Shoreline Management Plan

What is a Shoreline Management Plan?

A Shoreline Management Plan (SMP) is a high-level, non-statutory, policy document planning the future management of the coastline and coastal defences. It promotes management policies into the 22nd century that achieve long-term objectives without committing future generations to unsustainable practices.

Why do we need Shoreline Management Plans?

The Changing Coastline

The coastline is undergoing constant change from the natural processes of waves, tides and winds which move sediment around the coast and estuaries. The amount of change depends on the driving forces, such as storms and sea level rise, and constraints imposed by geology and degree of human intervention.

Alongside these changes, social, economic and environmental pressures are increasing in coastal areas. Development on the coast and within estuaries, creating new homes, industry and businesses results in a greater need to protect land against coastal flooding and erosion. However, building and maintaining coastal defences is increasingly expensive and it is now recognised that artificially defended coasts can sometimes be detrimental to the natural environment. There are also no guarantees that continuously maintaining and building coastal defences will lead to better protection as risk of flooding and erosion could increase as a result of climate change.

Climate Change and Sea Level Rise

Much of the present shoreline of the UK has been shaped by sea level rise following the last ice age. New studies show that sea level rise is rapidly increasing again due to climate change. This will result in significant changes to the coast, such as:

  • Greater frequency of storms
  • Increased wave heights
  • Increased erosion
  • Increasing rainfall; and
  • Increasing fluvial flows

Higher sea levels and more frequent storms will increase erosion and flooding at the coast. In order to provide the current standard of protection coastal defences would have to be improved. Construction of new defences can be expensive and detrimental to the natural environment. Alternative approaches to deal with the risk from flooding and coastal erosion are now considered alongside upgrading and building new coastal defences.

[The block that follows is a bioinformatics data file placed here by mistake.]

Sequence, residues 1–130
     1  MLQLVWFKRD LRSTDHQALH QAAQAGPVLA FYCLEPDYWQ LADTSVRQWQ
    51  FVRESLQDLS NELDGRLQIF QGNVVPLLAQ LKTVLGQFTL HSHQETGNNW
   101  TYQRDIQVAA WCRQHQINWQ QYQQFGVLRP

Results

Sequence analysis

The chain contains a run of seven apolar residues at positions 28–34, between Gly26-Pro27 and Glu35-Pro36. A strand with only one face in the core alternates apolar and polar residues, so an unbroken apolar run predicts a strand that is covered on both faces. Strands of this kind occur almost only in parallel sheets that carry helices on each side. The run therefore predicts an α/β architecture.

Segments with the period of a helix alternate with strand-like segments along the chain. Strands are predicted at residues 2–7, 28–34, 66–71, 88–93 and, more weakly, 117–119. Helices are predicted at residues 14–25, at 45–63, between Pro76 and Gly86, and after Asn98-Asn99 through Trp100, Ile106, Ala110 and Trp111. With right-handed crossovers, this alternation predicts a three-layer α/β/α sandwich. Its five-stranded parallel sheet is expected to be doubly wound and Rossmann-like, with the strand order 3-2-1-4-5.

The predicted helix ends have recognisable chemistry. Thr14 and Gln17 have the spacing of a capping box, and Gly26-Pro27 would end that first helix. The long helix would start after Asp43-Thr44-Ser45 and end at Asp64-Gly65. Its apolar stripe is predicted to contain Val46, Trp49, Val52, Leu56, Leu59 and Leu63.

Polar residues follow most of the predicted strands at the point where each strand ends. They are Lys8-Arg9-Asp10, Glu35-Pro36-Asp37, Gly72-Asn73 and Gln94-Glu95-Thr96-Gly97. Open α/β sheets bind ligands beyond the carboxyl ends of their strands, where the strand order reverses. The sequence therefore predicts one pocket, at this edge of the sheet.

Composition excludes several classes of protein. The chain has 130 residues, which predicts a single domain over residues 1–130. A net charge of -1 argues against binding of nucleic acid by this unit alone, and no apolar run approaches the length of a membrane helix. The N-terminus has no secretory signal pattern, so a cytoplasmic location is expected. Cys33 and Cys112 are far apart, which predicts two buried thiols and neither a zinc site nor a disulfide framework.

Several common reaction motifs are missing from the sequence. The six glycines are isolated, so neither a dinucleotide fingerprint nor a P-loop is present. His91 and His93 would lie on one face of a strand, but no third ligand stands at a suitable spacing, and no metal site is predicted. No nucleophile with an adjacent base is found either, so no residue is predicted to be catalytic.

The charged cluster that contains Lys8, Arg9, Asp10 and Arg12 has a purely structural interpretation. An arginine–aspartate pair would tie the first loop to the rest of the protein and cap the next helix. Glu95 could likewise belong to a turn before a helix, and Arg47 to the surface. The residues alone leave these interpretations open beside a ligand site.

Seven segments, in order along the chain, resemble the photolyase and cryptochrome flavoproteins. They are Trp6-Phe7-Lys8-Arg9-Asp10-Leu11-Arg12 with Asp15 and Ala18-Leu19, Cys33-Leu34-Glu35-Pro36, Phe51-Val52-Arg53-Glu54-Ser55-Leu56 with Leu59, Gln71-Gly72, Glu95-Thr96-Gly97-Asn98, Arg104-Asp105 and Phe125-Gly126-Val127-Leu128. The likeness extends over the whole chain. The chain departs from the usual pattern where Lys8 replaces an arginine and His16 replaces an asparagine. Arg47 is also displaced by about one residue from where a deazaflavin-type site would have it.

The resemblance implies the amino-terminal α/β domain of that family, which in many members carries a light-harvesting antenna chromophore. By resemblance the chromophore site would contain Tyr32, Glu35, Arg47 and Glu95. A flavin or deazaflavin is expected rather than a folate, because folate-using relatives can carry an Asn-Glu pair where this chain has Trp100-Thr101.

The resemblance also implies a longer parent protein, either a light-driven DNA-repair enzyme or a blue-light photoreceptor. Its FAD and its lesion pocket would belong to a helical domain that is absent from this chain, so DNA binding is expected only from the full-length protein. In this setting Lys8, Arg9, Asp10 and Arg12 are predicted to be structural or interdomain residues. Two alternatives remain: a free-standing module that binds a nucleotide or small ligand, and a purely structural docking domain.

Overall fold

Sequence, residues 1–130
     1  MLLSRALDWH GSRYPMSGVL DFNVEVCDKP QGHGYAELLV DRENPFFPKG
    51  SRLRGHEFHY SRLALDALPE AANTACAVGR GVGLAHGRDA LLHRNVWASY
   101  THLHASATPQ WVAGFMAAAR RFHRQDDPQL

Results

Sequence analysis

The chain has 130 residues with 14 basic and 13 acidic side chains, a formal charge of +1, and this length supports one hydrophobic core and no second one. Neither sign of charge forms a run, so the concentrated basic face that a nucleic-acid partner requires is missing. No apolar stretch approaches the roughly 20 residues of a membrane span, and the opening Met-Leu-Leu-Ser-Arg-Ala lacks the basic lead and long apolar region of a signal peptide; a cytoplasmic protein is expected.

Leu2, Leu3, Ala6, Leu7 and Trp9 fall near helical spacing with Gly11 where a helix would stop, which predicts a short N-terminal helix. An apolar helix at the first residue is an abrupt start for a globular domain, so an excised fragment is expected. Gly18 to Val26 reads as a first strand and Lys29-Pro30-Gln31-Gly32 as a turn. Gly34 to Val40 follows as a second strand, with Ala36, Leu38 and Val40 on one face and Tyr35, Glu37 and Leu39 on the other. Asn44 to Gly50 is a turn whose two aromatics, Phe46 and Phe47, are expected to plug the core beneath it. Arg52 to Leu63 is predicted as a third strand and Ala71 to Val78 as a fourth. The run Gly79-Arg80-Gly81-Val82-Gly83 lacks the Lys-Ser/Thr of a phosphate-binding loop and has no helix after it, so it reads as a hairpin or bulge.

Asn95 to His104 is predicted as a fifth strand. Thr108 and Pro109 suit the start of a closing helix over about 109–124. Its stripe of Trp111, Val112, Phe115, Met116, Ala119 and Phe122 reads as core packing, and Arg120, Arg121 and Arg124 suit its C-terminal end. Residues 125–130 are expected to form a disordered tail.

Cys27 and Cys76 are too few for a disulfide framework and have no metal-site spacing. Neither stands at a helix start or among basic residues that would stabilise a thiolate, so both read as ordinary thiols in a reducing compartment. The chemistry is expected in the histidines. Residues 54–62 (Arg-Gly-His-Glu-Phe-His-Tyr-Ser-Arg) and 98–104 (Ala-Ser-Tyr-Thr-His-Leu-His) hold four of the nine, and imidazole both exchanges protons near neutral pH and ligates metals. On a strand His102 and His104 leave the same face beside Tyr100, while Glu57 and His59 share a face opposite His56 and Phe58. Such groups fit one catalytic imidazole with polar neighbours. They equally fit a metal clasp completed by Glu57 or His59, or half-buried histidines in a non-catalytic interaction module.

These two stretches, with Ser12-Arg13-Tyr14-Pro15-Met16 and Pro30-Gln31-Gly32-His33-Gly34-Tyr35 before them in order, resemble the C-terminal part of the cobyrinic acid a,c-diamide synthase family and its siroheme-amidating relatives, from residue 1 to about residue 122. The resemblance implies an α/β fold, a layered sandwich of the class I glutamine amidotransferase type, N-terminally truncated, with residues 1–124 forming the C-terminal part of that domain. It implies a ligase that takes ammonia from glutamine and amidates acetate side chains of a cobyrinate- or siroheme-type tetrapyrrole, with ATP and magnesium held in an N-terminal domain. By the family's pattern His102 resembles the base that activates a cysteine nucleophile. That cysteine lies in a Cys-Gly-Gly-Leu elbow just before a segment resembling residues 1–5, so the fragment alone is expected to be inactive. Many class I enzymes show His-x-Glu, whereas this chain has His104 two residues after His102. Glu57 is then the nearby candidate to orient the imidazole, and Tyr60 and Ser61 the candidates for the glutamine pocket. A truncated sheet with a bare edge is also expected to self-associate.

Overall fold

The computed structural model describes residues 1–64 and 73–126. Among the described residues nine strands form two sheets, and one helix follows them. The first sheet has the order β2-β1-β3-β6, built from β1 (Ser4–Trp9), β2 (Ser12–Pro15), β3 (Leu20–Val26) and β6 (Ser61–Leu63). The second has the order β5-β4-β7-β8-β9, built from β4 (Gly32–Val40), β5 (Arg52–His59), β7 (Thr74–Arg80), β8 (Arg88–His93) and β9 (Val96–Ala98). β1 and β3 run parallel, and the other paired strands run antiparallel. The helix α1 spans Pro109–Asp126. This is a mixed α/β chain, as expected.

What does this mean?

A long term plan is needed to enable the changing coast and the effects of climate change to be managed. Shoreline Management Plans (SMP) identify the best way to manage the coast over a long period of time, taking into consideration the social, environmental and economic effects of different ways of protecting communities and land against coastal flooding and erosion. SMPs provide evidence and guidance for Local Authorities to manage flood and coastal erosion risk.

Technology and understanding of climate change has changed considerably since the last SMPs were produced in 1999. The existing SMPs are currently being reviewed to take this increase of knowledge and understanding into account.

The coastline is changing and it will not stay as it is. If we continue to defend into the future as we have done in the past, the result will be:

  • Hard defended areas becoming headlands
  • Loss of intertidal areas and beaches in front of defences
  • Increased stress on the shoreline, where beaches are lost and the coastline is more exposed to storms
  • Increased flooding and erosion hazards; and
  • The need for more substantial and expensive defences

This means we need a 100-year plan to co-ordinate how the coast is managed and take the opportunity to get the best out of it.

Shoreline Management Plan 2

Working with others, the North West England and North Wales Coastal Group (made up of coastal Local Authorities, the Environment Agency, Natural England, Countryside Council for Wales and English Heritage) have reviewed the existing Shoreline Management Plan and produced SMP2.

The policies contained within the SMP2 were adopted by Cabinet in September 2010.

The Shoreline Management Plan and supporting documentation can be downloaded from the North West and North Wales Coastline's website.